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Updated: Sun, 11 May 2014 20:26:48 GMT | By CBC News, cbc.ca

Slocan Lake canoe accident: 3 missing young men named

Jule Wiltshire-Padfield (© right)

Jule Wiltshire-Padfield (right), of New Denver, was dating Lily Harmer-Taylor (left). She was found unconscious in a partially-submerged canoe Saturday. Wiltshire-Padfield and two others who were also in the canoe are still missing. Facebook

A 19-year-old woman is dead and three other people are missing after their canoe overturned on Slocan Lake, north of Nelson, B.C., yesterday afternoon.

People who knew Lily Harmer-Taylor have identified her as the woman who died in hospital in New Denver after being found unconscious in the canoe.

Three others — Hayden Kyle, 21, Skye Donnet, 18, and Jule Wiltshire-Padfield, 15 —  couldn't be found when rescue crews reached the scene and are still missing.

Dan Nicholson, publisher of New Denver's Valley Voice newspaper, said he knew the group of four, and lent them his canoe Saturday.

He said Kyle, who grew up in Gibsons, on B.C.'s Sunshine Coast, had been living at his house in Rosebery, which is about six kilometres north of New Denver along the lake's east shore.

Kyle had moved to Nelson and, when he got laid off from a job there, ended up living in a spare room at Nicholson's home.

Kyle knew Sky Donnet, a local of the New Denver area, from the job in Nelson. Harmer-Taylor and Wiltshire-Padfield, who were dating, were also residents of the New Denver area.

Nicholson said the group of four borrowed his canoe for a paddle over to New Denver, but they didn't take his life jackets.

Nicholson said they made it to town, where he saw them walking around at one point in the day, and that they must have run into trouble on the trip back.

"They went back to the beach. They got in the canoe. They started paddling home, and I don't know: Wind came up, something happened, the canoe overturned and they were in the lake," he said. 

"That lake is so cold this time of year," he added.

Slocan Lake RCMP said the detachment received a call at around 5:30 p.m. PT Saturday afternoon after a man walking along a trail near the beach in New Denver saw a partially-submerged canoe with two people holding on to it, one at each end.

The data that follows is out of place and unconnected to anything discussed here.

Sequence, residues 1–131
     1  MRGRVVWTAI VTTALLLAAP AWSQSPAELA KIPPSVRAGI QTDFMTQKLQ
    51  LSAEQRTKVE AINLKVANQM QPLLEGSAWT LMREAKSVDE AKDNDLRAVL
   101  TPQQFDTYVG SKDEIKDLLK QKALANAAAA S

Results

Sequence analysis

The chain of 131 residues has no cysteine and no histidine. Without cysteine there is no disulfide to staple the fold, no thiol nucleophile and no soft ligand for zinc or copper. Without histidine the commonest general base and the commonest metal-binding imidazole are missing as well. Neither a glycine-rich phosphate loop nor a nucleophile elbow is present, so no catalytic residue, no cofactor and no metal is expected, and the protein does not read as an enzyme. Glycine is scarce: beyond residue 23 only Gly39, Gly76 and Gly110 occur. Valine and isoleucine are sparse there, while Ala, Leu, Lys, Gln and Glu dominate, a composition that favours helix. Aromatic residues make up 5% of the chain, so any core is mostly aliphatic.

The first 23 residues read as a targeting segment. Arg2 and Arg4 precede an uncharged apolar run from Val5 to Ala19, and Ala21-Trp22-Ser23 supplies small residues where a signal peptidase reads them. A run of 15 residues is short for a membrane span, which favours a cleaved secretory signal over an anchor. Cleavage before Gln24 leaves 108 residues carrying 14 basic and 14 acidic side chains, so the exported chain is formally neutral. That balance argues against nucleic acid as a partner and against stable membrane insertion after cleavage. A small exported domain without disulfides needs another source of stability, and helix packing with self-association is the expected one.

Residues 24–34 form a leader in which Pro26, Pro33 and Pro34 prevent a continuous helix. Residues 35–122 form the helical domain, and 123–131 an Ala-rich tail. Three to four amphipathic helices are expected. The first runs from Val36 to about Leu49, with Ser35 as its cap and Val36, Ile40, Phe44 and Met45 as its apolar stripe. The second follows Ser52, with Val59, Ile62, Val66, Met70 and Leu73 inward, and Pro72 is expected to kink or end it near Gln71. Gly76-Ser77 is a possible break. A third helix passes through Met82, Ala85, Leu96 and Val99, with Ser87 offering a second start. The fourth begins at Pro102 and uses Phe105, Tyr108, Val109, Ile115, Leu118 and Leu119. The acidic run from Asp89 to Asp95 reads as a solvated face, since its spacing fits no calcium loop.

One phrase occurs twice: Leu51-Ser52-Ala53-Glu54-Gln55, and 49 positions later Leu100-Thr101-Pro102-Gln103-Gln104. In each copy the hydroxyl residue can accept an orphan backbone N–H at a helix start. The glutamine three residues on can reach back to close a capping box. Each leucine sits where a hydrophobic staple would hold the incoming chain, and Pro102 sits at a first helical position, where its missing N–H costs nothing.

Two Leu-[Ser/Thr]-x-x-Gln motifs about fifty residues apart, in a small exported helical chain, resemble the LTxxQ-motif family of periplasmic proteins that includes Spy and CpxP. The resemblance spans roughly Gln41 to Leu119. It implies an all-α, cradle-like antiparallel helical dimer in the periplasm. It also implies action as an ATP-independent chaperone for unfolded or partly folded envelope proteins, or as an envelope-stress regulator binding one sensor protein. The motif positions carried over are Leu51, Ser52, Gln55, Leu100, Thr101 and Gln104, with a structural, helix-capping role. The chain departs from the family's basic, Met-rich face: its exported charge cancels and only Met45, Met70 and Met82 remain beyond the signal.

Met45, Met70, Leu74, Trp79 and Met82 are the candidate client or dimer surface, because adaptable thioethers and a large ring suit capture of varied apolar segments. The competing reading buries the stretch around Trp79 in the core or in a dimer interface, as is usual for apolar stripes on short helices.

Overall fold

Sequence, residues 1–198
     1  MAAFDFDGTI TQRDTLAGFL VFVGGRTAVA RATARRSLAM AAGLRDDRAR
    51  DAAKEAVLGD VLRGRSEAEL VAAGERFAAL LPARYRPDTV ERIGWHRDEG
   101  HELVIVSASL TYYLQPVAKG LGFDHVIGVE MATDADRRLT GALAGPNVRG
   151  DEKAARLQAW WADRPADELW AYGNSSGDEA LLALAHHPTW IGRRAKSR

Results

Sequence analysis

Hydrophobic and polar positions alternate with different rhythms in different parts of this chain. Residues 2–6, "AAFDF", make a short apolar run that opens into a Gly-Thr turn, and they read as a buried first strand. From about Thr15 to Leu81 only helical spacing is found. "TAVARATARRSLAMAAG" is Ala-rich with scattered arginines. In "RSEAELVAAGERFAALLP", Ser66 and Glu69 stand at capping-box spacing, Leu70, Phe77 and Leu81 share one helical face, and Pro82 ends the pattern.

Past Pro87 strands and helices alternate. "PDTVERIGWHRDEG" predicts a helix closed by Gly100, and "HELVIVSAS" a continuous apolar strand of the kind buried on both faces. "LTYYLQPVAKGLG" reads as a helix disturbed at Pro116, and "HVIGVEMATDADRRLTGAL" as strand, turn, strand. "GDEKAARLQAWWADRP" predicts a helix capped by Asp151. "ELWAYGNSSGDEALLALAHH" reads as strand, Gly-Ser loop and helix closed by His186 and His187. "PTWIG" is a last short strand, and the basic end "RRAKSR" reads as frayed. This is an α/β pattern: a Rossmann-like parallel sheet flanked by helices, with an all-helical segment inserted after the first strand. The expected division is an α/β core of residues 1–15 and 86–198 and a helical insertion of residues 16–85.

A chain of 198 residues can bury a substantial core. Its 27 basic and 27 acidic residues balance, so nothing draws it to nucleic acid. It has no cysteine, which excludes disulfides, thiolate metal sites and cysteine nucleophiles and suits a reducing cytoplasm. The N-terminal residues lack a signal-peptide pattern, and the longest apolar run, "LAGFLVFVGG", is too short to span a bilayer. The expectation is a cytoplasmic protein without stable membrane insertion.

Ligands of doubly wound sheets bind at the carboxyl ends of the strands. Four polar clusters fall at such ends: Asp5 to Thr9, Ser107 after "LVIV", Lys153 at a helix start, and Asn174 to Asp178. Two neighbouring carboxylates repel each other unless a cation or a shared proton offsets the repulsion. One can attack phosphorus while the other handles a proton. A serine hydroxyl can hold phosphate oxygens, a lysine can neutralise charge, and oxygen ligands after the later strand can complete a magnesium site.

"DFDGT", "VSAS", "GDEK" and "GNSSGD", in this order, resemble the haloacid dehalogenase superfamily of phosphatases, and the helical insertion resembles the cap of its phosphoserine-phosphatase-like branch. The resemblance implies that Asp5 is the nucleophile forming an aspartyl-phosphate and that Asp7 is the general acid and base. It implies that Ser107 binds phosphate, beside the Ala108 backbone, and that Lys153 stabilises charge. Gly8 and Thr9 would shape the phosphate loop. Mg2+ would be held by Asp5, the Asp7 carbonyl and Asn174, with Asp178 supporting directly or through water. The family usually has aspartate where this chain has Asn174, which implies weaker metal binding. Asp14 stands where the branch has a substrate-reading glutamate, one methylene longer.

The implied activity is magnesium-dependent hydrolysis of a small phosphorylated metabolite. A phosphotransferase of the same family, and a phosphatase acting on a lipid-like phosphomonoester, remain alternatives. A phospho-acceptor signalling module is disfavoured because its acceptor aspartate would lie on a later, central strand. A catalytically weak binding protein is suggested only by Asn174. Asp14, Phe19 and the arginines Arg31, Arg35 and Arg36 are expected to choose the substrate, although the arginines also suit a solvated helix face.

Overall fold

The canoe was about 150 metres from shore, and the man ran to a nearby home to call police.

When rescuers arrived, only Harmer-Taylor could be located.

Nicholson said he was told about the accident and went to the hospital to see her.

"They worked on her for five hours, but she never regained consciousness," Nicholson said.

He said the community is struggling with what has happened.

"Lily is dead," he said. "The three boys ... we don't have any definite confirmation yet, but the odds are, far and away, that they are dead as well."

A search in cold, deep water

RCMP Sgt. Darryl Little said Slocan Lake is glacier fed and very cold, and the water where the canoe was found is roughly 75 metres deep.

Little said he is hopeful the others managed to swim to shore.

A search began Saturday night, but was halted when it grew dark. RCMP, search and rescue, and the New Denver Fire Department continued with their search efforts today.

An RCMP helicopter was used this morning to scan to shoreline, but no the crew found no sign of the three missing young men. Little said police were still considering Sunday's activities a "rescue mission."

Two search and rescue boats were still searching the lake Sunday afternoon.

An RCMP dive team will begin conducting an underwater search Monday morning.

Little said the parents of all four have been notified, and grief counsellors have been made available at a New Denver school.

"It devastates the communities when you're losing some young people out of your communities," Little said.

"We're hopeful we'll find them still alive, but again it's very tough on the community because it's so small that everybody knows each other."

Kyle, Donnet, and Wiltshire-PadfieldThree of the four are from New Denver, a community of roughly 600 on the eastern shore of the lake, and one is from Gibsons, on B.C.'s Sunshine Coast.

Google Maps: Slocan Lake, B.C.

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